Balanced use of chemical and bio fertilizers, stimulants trims costs, yields higher

Author: DA Communications Group | 24 June 2022

To help the farmers increase crop yields amidst the skyrocketing price of fertilizer in the global market, the Department of Agriculture (DA), through the Philippine Rice Research Institute (PhilRice), is promoting the use of biofertilizers and biostimulants in combination with inorganic fertilizer.

In a fertilizer derby, conducted by DA-PhilRice, results showed that the combinations of biofertilizers and/or biostimulants with inorganic fertilizers in the three to four seasons resulted in high yields while lowering the fertilizer cost per kilo of palay produced.

“We need more production of scientifically tested biofertilizers as we are concerned that the Ukraine-Russia war will disable us from getting the much-needed urea our farmers are clamoring to obtain,” said Agriculture Secretary William D. Dar.

“Biofertilizer products, such as the ones used in the trials are the technologies that we need in our campaign for balanced fertilization, the main focus of which is to enhance soil-based productivity, bringing about nutrient-building qualities of the soil for soil sustainability,” he added.

In the PhilRice trial, one combination resulted in 7 tons/hectare (t/ha) produced at P7.77/kg. The cost amounted to P2,000/ha in addition to inorganic fertilizers. Another combination resulted in 6.73 t/ha with P8.18 cost/kg while one combination yielded 6.35 t/ha at P7.71 cost/kg. All three products performed better during the dry season with an average yield of 7.91 t/ha at P7.33 cost/kg and during the wet season with 5.22t/ha yield at P8.58 cost/kg.

Participated by mostly private companies, the derby aims to determine the best nutrient management technology package to achieve high yield at least cost in a profitable and environmentally-sound manner. The technology packages of most participants included a combination of inorganic fertilizers and other products such as biofertilizers and biostimulants, soil conditioners, and micro-elements for foliar applications.

According to PhilRice, the current cost of using biofertilizers/biostimulants ranges from P900 to P6,900 per hectare depending on the number of applications.

Leylani Juliano, one of the project leaders cited that the first product’s composition based on the analysis provided by the Fertilizer and Pesticide Authority (FPA) included brassinosteroid, triacontanol, small concentrations of other elements such as iron, potassium oxide, copper, zinc, Vitamin B1, B2, B6, and has a liquid concentrate microbially synthesized from plant materials.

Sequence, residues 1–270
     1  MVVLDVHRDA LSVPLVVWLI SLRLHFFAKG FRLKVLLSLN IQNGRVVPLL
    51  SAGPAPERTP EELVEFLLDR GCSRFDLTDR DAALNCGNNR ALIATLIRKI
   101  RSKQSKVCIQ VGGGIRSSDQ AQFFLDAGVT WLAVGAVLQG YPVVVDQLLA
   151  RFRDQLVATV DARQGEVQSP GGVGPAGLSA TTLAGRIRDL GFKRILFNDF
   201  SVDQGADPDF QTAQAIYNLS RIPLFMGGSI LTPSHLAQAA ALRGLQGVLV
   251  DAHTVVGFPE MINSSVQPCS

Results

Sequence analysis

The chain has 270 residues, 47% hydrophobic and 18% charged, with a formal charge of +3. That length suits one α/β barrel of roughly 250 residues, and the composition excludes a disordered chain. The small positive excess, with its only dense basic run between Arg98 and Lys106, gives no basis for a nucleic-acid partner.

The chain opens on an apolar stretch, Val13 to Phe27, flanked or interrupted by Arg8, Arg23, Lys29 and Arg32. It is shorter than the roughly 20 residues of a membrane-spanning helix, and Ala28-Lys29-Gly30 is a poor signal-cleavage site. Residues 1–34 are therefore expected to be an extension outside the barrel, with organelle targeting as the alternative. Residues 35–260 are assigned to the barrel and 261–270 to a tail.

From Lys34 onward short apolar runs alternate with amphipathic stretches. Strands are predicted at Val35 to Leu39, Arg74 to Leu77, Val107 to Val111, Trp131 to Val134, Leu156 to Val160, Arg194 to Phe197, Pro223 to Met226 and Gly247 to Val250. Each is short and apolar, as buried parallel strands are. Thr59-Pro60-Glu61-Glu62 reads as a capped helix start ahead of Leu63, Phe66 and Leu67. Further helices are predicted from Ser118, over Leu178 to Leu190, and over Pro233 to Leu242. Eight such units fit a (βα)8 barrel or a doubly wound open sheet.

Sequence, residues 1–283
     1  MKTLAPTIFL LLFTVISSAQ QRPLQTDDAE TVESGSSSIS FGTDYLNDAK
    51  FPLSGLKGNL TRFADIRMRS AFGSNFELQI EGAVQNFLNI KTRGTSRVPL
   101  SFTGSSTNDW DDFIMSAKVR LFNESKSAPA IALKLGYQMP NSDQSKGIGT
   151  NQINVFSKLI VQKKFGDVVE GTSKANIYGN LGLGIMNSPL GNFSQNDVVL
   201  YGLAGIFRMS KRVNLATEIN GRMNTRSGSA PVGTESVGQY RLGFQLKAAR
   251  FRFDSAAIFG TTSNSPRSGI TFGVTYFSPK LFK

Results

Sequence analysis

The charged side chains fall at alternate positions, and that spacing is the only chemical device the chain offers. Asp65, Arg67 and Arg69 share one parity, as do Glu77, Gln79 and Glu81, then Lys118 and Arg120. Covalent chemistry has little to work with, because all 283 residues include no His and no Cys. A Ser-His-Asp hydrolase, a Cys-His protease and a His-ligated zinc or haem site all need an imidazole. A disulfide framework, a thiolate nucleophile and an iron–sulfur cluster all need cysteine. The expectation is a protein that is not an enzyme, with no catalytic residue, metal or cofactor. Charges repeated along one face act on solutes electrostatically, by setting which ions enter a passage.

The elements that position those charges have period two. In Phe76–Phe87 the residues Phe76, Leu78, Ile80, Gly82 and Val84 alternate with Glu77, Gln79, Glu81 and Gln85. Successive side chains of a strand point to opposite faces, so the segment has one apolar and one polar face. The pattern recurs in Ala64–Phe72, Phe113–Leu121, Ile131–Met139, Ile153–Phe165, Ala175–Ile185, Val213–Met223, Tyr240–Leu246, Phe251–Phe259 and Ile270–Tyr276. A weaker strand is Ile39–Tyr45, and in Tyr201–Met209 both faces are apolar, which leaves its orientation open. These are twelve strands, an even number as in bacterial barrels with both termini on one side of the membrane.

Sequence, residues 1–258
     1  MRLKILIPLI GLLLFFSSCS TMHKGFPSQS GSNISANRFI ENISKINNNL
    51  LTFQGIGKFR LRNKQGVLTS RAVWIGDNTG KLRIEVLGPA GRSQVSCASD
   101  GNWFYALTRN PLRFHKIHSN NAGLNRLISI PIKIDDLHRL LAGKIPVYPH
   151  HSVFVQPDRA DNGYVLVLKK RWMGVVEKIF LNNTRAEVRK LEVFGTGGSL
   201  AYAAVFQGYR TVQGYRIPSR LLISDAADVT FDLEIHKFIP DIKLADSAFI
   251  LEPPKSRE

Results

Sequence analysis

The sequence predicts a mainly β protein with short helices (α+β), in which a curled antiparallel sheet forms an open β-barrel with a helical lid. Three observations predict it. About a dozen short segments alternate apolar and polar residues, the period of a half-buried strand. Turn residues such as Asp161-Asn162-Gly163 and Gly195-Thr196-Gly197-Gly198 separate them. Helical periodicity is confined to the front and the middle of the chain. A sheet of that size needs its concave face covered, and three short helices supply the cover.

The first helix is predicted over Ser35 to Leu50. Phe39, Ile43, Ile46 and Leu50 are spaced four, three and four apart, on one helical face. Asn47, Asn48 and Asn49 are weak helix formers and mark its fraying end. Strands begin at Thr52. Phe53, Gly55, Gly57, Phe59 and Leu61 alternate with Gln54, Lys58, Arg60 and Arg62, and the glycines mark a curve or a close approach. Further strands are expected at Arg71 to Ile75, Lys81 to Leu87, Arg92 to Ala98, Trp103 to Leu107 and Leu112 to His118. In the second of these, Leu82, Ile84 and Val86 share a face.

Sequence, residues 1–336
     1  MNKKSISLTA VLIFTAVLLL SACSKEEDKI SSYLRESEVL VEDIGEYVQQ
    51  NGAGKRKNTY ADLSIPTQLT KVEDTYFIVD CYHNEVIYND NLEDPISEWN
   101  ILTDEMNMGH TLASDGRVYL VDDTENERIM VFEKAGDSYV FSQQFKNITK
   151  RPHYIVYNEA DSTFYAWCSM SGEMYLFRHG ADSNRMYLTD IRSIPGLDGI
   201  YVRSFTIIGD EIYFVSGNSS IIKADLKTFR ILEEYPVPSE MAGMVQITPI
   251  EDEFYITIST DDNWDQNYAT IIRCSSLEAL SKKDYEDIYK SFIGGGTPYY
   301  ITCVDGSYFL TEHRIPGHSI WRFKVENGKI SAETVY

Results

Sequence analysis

The second product is a mix of organic materials and root exudates or fluids, which the manufacturing company claimed can create healthy soil by increasing the presence of beneficial bacteria and fungi and will inhibit population of harmful microbes in the soil.

The third product is a nanobiofertilizer, which contains nitrogen, phosphate, soluble potash, other materials such as algae, bacteria, fungi, sea kelp, mineral electrolytes, and humic & fulvic acids. Except for the first product, these products reduced the use of inorganic fertilizer by 25-50 percent.

Juliano elaborated that in most cases, various materials can be used as biostimulants/biofertilizer such as algae extracts, humic acids, enzymes, hormones, and plant growth-promoting microorganisms.

“Various researches show that natural biostimulants can enhance nutrition efficiency in plants and overall plant growth as well as improve soil conditions to boost the growth of the rice plants,” Juliano said.

Other combinations achieved an average yield of 5.83 t/ha – 6.25 t/ha with average production cost of P7.79/kg – P8.08/kg of paddy produced in the three to four seasons of the derby. The derby’s fifth season is ongoing.

“With the global price hike of fertilizer due to the ongoing Ukraine crisis, the DA welcomes more options of fertilizer and other inputs to augment fertilizer availability while pushing for balanced fertilization strategy,” the agri chief said.

Secretary Dar has been a long-time advocate of balanced fertilization, stressing that to attain the maximum potential of farmlands, a judicious combination of organic and inorganic inputs is necessary. ### (PhilRice/DA-StratComms)

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